It’s just a clown.
I like clowns. I like old dusty clowns found in yard sales, just sitting there among the random left over objects. Clowns that aren’t intentionally creepy but for some reason still freak people out.
Is it something about the fake emotion in a clown mask that doesn’t match or successfully mask the real emotion or personality underneath? Is there a name for this phobia? Yup, some call it coulrophobia but it’s not officially recognized in psychology.
Clowns, or sometimes parts of clowns, find their way into my paintings. I don’t intentionally paint them to look scary, I just paint them how they are. It’s fun to watch people react the way they do and to ponder why.
What do I reveal? What do you see?
This painting, Miss Kitty and the Not So Cheerful Cherub, is currently in an exhibit in the gallery at Friends Homes Guilford, here in Greensboro, NC called “Our Brush With Tales – An Interactive Exhibit with Five Artists and Two Storytellers.” At the opening the storytellers preformed the stories they created inspired by, or in response to, the displayed paintings.
When I submitted this painting for the show I wondered what the storytellers would see. It was interesting to hear the stories that were told around my painting. But it was almost as if the act of storytelling, the performance, was more important than the story or the actual narrative of the artwork itself.
(You can come up with your own story, if you like, before you read on!)
One story was told from the point of view of the objects: about a bad kitty who harassed all of the objects or characters. The clown, troll, stuffed toy, and cherub were all carefully described along with the hideous acts that were perpetrated on them by the mean kitty. The books on the shelf were described in detail, including a recited poem from the pages of The Cheerful Cherub, as if the storyteller actually opened the book and read it.
The other story was about a reminiscing mother who comes home after dropping her son off at college. She walks into the son’s bedroom and sees the shelf, just as it was left by her son as a child, and describes these sweet, cliché memories of his childhood. And I thought, really? Does that really look like a shelf that would be in a child’s room?
I wondered what the storytellers really got from my painting – if their initial impressions differed from their presented stories, if their stories were censored in any way, or if they were so puzzled by my painting that they had to invent just semi-related stories.
The exhibit includes printed versions of the stories that were told along with the artists’ own statements about their particular painting.
Here’s what my painting is about…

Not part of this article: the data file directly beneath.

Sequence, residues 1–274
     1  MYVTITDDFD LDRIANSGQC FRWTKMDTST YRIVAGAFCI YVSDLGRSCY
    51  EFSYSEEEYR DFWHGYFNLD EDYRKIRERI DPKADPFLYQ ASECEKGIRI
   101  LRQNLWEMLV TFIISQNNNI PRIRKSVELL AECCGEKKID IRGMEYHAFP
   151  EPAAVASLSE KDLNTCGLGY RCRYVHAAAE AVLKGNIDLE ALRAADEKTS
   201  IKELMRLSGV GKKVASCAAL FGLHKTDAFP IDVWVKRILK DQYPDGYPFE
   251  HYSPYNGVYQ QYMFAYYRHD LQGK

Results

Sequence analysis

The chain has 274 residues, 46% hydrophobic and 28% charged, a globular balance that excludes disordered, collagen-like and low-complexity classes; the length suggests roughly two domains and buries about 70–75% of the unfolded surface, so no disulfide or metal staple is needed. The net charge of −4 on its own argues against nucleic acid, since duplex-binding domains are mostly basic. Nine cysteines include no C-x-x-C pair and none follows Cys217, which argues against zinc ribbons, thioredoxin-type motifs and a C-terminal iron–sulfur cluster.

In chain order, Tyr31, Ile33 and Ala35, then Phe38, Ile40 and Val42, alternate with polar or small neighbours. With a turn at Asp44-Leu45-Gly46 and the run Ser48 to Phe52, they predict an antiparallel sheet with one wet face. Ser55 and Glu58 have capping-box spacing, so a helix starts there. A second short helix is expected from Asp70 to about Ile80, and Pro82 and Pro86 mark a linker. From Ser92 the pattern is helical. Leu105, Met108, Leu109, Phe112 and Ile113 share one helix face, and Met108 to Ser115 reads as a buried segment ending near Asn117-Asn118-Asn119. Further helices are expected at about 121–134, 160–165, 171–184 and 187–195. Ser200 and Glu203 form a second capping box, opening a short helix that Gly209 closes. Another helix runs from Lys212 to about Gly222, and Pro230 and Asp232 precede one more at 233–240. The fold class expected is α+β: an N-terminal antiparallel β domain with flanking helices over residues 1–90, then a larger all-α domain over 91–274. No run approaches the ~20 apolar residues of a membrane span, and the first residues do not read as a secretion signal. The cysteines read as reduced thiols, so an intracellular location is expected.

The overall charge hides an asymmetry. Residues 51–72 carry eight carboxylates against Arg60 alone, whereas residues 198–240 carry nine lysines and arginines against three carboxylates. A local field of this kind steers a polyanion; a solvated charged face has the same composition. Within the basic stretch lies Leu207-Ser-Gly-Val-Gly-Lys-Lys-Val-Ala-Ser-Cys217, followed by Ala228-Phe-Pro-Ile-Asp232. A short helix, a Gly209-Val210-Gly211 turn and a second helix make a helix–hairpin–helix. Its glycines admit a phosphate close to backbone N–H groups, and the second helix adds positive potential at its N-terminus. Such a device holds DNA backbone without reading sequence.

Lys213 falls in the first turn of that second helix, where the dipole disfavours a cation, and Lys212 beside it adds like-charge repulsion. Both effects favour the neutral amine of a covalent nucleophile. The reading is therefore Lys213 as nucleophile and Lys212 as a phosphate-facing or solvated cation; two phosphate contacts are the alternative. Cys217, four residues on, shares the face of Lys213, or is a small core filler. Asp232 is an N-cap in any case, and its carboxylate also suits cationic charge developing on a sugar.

I survived Jeff’s death. We were planning to be married. The morning I found him hanging peacefully, finally free of pain, my whole world was shattered. But I understood. I accepted. That didn’t make it hurt any less. I grieved. And I painted.
I fell in love with Jeff’s things the day I met him, his belongings an extension of who he was. We both had an affinity for old, sometimes obsolete items. He taught me to appreciate things as we found them – usually worn and covered with dust, loved and left behind.
After Jeff’s death, I continued to cherish his things. I looked to them for answers, for comfort. I continued to collect things in his absence. I combined these things to tell our story – various still life scenarios in oil paint like this one: an abandoned stuffed toy sits on a shelf next to his books, daisies wilt in a sunny yellow vase, little troll and clown smile as if remembering a happy time, a silly cherub plays with a noose on his ankle, and a moth hovers briefly, visiting.
On Saturday mornings together we would go scouting to rescue vintage and antique treasures from yard sales and estate sales. These things surrounded us in our studio and in our home. Many would find their way into Jeff’s artwork. Now they find their way into mine.
I have a story to tell
I have a story to tell. I have things inside I need to express. But I censor myself. Not sure what I should say and not say. How my words will make people feel. How I will look. What people will think of me.
Worried that writing, and telling, about the tragic things, and then the ways certain people neglected me or hurt me will make me look selfish, like I’m fishing for sympathy, or like I’m exaggerating about a troubling relationship after the fact so people take my side, like I’m really the monster.
But why do I care?
It’s my story. Along with the few beautiful parts of my life, these things are a part of who I am. And I like who I am now. Despite the fact that I perpetually feel like a freak who doesn’t fit in. I could “be positive” and “move on” and “forgive” but that doesn’t heal the hurt. It’s still there, even if it’s buried down deep under new things I find to distract myself with. It’s still there.